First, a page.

The way the schedule is set up, as Dineen points out, one doesn't have to go no further than the road trip to open the season to see the caliber of opponents that Florida is hit with in the opening month.
"For me, I look at the start," said Dineen. "We go Dallas, St Louis, Philadelphia. None of those teams are in our division but you know what. Dallas has gotten better this summer. St Louis who had a really quality regular season last year. Philly has done some things to get better so no matter whether you're in division or not, the road is not easy.
"That's fine. That's our expectations."
That trip, while with it's own challenges is also seen as a blessing for the Panthers bench boss.
"I love the idea of starting on the road. I just think that really the good things for our team," said Dineen. "We're under different circumstances than we were a couple of years ago but still really like the idea that you got a good break between our last exhibition game and our first regular season game. Get out on the road, spend some quality time together and come back home to finish October strong."
82 games; 30 against division opponents, including five against the Wings and reigning Eastern Conference Champion Bruins. It should make for an intense battle as eight teams are battling anywhere from three to five available playoff spots come April.
|Roger Neilson helped influence Dallas Eakins (right) to get into coaching while both were with the Panthers. (Al Messerschmidt)
Named the Edmonton Oilers new head coach on Monday, Dallas Eakins’ Florida roots has helped to shape his career path.
Not only was the Oilers' 12th coach in franchise history born in the state of Florida, living the first seven years of his life in Dade City, which is roughly less than hour north of Tampa, but Eakins attributes his professional choice to some sound advice from the Panthers first head coach in franchise history. See it was there where Roger Neilson put the idea in Eakins' head about life after hockey.
"I would like to thank my great friend Roger Neilson who told me on many occasions that my mark in the NHL would be made as a coach because I wasn't a very good player," quipped Eakins in his opening statement at his introductory press conference.
Eakins was drafted by the Washington Capitals in the 10th round (208th overall) in the 1985 NHL Entry Draft but didn't make his NHL debut until the 1992-93 season with Winnipeg, playing in 14 games. He signed as a free agent with Florida on July 14, 1993 and became the only Florida native to play in the NHL [at the time] when he suited up on Nov. 23, 1993, against Hartford.
The defenseman would play 41 of his 120 NHL games with the Panthers, including 18 under the Hockey Hall of Famer, but it was the time spent not playing that truly helped him during the two years with the Panthers.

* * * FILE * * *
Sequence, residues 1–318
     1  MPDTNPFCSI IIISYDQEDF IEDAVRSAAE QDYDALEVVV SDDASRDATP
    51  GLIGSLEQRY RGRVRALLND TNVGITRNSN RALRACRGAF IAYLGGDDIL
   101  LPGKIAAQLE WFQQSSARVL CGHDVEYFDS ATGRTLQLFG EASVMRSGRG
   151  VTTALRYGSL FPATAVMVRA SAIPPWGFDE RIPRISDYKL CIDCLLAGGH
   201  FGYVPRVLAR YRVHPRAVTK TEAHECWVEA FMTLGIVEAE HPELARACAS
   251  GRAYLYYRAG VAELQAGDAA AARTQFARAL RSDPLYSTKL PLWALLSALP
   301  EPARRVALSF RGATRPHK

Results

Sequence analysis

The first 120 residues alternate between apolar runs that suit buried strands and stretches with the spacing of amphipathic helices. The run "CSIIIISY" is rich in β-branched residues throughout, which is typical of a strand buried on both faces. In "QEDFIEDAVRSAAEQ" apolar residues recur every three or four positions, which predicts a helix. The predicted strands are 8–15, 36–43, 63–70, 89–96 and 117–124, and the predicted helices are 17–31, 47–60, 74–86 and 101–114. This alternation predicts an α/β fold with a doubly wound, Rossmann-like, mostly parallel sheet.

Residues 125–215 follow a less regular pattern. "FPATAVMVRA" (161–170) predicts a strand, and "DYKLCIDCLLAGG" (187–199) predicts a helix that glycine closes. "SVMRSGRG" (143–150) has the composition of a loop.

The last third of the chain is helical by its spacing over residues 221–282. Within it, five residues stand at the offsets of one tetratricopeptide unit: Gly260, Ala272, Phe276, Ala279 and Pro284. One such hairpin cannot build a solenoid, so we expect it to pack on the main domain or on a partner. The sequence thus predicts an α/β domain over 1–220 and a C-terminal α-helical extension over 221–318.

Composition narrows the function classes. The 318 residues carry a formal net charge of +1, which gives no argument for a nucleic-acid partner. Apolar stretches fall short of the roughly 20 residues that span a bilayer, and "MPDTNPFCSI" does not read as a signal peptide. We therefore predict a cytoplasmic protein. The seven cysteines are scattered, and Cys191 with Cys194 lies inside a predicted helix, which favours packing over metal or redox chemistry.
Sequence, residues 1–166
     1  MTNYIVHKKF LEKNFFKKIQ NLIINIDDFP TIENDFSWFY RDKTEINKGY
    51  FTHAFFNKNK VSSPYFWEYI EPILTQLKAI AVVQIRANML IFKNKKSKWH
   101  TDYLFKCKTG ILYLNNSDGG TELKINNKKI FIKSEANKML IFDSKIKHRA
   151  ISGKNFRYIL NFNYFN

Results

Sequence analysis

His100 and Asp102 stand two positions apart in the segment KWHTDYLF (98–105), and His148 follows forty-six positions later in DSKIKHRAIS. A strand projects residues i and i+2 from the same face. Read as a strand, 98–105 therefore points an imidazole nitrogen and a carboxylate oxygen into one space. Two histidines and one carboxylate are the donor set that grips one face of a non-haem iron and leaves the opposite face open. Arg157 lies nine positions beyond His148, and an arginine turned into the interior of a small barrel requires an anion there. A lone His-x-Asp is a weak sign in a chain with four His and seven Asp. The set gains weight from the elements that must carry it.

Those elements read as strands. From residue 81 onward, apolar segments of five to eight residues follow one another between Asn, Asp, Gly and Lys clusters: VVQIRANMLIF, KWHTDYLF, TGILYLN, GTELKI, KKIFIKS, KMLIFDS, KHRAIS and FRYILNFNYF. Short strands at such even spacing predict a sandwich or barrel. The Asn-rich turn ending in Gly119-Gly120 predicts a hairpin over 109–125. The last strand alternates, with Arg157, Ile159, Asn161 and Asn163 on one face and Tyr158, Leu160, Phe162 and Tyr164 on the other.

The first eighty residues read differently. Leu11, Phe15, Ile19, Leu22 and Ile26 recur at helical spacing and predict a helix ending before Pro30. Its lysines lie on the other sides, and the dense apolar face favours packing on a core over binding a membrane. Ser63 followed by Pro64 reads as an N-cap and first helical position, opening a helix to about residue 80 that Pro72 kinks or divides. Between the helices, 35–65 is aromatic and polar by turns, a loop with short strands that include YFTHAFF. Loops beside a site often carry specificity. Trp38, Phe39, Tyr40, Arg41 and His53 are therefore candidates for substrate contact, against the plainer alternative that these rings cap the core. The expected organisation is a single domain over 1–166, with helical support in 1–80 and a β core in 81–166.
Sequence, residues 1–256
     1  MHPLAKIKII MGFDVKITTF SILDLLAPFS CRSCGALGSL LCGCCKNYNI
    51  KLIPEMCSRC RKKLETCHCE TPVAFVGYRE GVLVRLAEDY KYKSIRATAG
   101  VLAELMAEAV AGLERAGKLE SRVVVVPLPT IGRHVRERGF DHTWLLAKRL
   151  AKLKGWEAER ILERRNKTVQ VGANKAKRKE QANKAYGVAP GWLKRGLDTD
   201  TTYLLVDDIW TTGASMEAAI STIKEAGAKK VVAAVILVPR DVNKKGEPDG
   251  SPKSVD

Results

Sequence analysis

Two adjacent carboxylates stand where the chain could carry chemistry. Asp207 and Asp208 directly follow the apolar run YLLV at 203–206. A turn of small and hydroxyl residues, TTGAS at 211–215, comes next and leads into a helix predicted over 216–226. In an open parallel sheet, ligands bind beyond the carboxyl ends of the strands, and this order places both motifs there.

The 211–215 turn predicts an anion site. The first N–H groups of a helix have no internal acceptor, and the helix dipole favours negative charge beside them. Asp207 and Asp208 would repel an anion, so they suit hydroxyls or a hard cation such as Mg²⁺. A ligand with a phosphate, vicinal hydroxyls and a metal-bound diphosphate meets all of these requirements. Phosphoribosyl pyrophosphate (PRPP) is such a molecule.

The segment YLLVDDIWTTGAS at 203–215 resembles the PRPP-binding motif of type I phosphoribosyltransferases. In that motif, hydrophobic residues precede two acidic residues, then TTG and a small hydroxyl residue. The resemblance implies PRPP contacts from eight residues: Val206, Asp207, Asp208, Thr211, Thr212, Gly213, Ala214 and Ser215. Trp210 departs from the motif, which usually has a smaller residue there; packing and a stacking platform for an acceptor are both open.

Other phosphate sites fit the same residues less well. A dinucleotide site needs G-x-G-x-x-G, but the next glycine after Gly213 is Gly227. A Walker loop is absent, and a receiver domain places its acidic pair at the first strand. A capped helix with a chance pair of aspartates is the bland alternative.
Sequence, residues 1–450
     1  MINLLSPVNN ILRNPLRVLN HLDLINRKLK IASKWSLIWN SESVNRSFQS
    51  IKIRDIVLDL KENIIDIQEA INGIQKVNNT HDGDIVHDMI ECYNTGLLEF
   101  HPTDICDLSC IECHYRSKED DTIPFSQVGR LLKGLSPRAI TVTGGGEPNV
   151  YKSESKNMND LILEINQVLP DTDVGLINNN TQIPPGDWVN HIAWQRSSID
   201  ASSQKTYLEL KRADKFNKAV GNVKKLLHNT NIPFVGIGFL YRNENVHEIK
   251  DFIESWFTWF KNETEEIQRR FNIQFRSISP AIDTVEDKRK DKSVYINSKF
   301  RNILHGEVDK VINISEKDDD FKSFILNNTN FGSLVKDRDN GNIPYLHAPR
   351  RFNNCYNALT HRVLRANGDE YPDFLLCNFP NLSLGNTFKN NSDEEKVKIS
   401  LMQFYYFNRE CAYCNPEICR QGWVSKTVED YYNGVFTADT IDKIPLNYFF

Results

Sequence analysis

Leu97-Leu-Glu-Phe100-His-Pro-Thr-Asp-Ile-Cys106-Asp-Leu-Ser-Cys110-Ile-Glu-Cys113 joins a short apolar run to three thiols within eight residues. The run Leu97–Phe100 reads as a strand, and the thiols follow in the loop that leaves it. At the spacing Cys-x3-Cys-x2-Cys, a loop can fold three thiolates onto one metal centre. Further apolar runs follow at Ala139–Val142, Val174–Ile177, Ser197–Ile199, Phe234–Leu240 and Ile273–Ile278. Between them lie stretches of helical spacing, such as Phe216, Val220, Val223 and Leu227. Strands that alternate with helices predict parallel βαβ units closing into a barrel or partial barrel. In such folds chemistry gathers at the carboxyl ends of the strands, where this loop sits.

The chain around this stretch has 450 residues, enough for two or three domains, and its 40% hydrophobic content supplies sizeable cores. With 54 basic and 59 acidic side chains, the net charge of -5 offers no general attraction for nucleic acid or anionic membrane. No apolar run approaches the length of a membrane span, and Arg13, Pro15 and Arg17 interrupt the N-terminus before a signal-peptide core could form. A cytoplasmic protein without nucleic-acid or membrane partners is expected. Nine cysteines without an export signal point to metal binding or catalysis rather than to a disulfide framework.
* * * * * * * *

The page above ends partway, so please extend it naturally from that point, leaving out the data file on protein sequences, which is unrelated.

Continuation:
"Roger Nielson, first and foremost, his work ethic," said Eakins. "We never really saw the game quite the same way but he taught me a ton about the game."
Bouncing around hockey from the time he turned pro in 1988 until retiring following the 2003-04 season, Eakins has made the transition from player to coach (spending the last four years as head coach of AHL’s Toronto Marlies) and he still leans on what he recalls while sitting in the press box as a healthy scratch.
"I played in about 800 different cities," said Eakins. "A lot of times I was a healthy scratch, especially at the NHL level, and I wasn’t just sitting upstairs eating popcorn. I was taking notes."
And that led him to Monday where he could think back to where it all really kicked off.
"I think it's a proud day because I've worked hard at this trade. I think it's something that's come naturally," said Eakins. "I think I knew that Roger was right, that I knew coaching was in my blood."
|Nathan MacKinnon and Seth Jones are expected to be top picks in the upcoming Draft. (Courtesy: Christopher Mast)
With 20 days left until the 2013 NHL Entry Draft in New Jersey, NHL.com draft experts have unveiled their latest Mock Drafts and are in agreement on who the Panthers will pick at No. 2.
Despite debate by national media about who goes No. 1 to Colorado, the trio of Adam Kimelman, Mike G. Morreale and Steve Hoffner all have the Avalanche taking the Central Scouting's No. 1 ranked North American Skater, Portland Winterhawks defenseman Seth Jones. They each follow that up with the No. 2 ranked Central Scouting North American Skater Nathan MacKinnon to the Cats.
After Panthers GM Dale Tallon said he was looking for a player that could contribute right away at the recently completed NHL Combine in Toronto, the NHL.com trio believe that the Halifax Mooseheads center can be the player that can step into the Panthers lineup and form a dynamic duo with Calder finalist Jonathan Huberdeau.
"Dominated the Memorial Cup and proved he can step up at a bigger stage," wrote Hoffner. "A highly competitive star who will be a nice complement to Jonathan Huberdeau in Florida."
"The Panthers want someone who can step right into the lineup," wrote Kimelman in his mock draft. "And this high-end scorer looks ready to do just that."
Setting MacKinnon apart from players like Jonathan Drouin and Aleksander Barkov who went three and four in some order to Tampa Bay and Nashville respectively was MacKinnon's season, most particular his Memorial Cup run in which he posted a mind-boggling 13 points, including seven goals in four games as he led Halifax to the championship.